The time seems ripe to sell off one's hard disk drive business.
The time seems ripe to sell off one's hard disk drive business. In March, Hitachi sold its hard disk unit to Western Digital Corp. for about $4.3 billion. And today, there are rumors that Samsung Electronics Co. Ltd. is looking to unload its hard disk drive unit.
I've been following the SSD market lately. It has defintilely taaken a bite out of the HDD's market's lunch, first by positioning itself as a drop-in replacement and lately as a superior technological and market option. According to some reports this weekend, the media is attributing this latest damage to the HDD market specifically as due to the success of flash chips in tablet computers.
According to the Wall Street Journal, which seems to be the initial source of this story, Samsung is looking to sell its HDD business to "raise cash to invest in new growth areas." According to the WSJ report, the asking price for the Samsung HDD unit is $1.5 billion, but the company could consider bids that were significantly lower.
What are your thoughts? What applications will still benefit from HDDs? Would you buy Samsung's business if you could?
The newer SSD's promote a form of sequential writing (ring buffer?) so that writing a file to the disk is not always done to the same location. This helps extend the limited read/write of the disk (but at 10K R/W will we reach it?).
We run into serious issues when using a OS like windows which uses a swap file and continually updates the disk. In cases like this, it's best to have a magnetic drive as a secondary to absorb the constant read/writes. However, this defeats the purpose of using a fast SSD in the first place.
I think both flash based storage (SSD, etc.) and disk drives will continue to have a place in the market for the foreseeable future.
There are two things that concern me about flash storage.
1) Not knowing when flash storage locations are being used up/retired due to the limited number of write/erase cycles (on a disk drive you can read the defect lists to get the locations and count of defects).
2) The difficulty verifying that data is erased from flash media (see paper from UCSD http://www.usenix.org/events/fast11/tech/full_papers/Wei.pdf).
I think that the second item will become a very serious issue for business, government and individuals as more and more devices use flash based storage (think tablet computing as well as smart phones).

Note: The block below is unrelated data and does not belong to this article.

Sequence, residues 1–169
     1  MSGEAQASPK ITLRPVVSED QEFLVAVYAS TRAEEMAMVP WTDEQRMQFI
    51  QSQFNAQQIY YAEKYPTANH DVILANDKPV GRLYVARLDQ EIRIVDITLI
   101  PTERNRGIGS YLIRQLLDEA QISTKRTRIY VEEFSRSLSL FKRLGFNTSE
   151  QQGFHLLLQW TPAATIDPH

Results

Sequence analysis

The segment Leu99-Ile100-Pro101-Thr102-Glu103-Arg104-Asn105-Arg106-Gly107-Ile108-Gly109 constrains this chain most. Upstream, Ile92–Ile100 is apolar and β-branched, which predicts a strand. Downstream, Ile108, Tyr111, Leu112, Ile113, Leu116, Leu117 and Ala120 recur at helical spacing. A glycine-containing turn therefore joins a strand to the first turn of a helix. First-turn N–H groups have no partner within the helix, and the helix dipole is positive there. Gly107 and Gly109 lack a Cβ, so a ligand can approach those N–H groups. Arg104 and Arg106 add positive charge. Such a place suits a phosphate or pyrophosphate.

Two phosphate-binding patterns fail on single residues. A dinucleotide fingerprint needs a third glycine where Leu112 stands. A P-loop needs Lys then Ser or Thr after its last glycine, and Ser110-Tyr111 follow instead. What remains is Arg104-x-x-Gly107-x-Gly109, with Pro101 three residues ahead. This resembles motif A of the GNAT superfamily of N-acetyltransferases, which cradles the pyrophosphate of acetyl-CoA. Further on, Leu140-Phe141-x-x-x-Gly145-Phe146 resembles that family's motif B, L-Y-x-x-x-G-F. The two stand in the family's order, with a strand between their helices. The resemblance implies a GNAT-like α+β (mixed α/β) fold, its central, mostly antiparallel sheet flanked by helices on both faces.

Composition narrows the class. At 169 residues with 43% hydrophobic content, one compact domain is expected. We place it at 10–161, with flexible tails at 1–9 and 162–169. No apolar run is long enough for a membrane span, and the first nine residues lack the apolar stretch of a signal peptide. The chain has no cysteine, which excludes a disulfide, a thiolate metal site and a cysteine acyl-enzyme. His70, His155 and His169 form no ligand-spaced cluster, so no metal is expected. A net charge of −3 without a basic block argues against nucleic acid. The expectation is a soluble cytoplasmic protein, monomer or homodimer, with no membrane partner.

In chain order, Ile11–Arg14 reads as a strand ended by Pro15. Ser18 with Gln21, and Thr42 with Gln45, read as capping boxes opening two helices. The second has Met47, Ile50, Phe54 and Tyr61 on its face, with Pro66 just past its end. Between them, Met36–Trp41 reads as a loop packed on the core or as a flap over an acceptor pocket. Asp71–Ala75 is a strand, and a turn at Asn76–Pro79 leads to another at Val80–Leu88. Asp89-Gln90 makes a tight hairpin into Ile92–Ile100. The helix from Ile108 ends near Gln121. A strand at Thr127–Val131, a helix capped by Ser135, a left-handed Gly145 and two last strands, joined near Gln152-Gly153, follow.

It was announced this morning that Seagate is buying Samsung's HDD business for $1.4B.
At least Seagate and WDC will continue to make hard drives for the foreseeable future. Some of us are now accustomed to having multiple terabytes for photos, videos, backups, etc., and it will be a very long time before I contemplate buying multiple terabytes of flash!
SSD is not as reliable as HDD when you look beyond 2 or 3 years. SSD has lower capacity. SSD has a significant price premium over a HDD. SSD performance is not high enough yet to justify the cost increase over a HDD for most consumers and this is unlikely to change in the near future. SSD does have a future, but it is maybe 10 to 25% of the data storage market a decade from now. Most people who buy an SSD will also buy a HDD.
Either Seagate or WD could buy Samsung's business. It is not clear why Samsung would need to sell the business since Samsung has excellent cash flow. But companies do things for a variety of reasons. Multiple companies these days are involved in SSD. Only a few are capable of designing and building HDD.
Using various slices of the RF spectrum for sensing rather than communications has fascinating potential and some impressive implementations, but there are still many significant challenges, especially in the terahertz (sub-mm) band.
Using environmental energy to power remote sensor nodes remains a high interest item among system designers, especially those choosing wireless sensor node (WSN) components for remote and/or hazardous locations. At the Sensor Expo conference in Santa Clara, Calif., presenters at an energy harvesting and power symposium agreed that energy harvesting systems still require juggling many variables.